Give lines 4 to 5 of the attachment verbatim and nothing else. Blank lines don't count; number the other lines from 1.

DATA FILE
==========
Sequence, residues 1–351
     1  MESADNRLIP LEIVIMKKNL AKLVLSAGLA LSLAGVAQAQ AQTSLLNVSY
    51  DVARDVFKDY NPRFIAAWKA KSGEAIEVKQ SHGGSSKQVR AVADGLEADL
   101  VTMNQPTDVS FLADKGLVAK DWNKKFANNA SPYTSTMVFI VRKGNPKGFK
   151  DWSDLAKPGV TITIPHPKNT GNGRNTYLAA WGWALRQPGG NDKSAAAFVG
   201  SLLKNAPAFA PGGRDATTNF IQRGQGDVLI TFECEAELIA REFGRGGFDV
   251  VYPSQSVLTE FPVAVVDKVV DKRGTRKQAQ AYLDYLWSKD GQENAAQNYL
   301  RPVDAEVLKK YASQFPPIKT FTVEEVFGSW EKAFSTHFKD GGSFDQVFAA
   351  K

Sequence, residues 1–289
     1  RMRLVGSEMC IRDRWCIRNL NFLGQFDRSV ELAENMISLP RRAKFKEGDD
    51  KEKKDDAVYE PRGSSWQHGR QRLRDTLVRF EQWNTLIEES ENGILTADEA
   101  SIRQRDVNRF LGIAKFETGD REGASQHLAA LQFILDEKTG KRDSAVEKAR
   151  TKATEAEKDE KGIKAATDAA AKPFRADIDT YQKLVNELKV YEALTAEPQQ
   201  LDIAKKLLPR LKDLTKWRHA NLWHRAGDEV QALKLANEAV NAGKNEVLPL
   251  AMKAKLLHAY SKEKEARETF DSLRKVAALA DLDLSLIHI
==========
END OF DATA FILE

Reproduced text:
   101  VTMNQPTDVS FLADKGLVAK DWNKKFANNA SPYTSTMVFI VRKGNPKGFK
   151  DWSDLAKPGV TITIPHPKNT GNGRNTYLAA WGWALRQPGG NDKSAAAFVG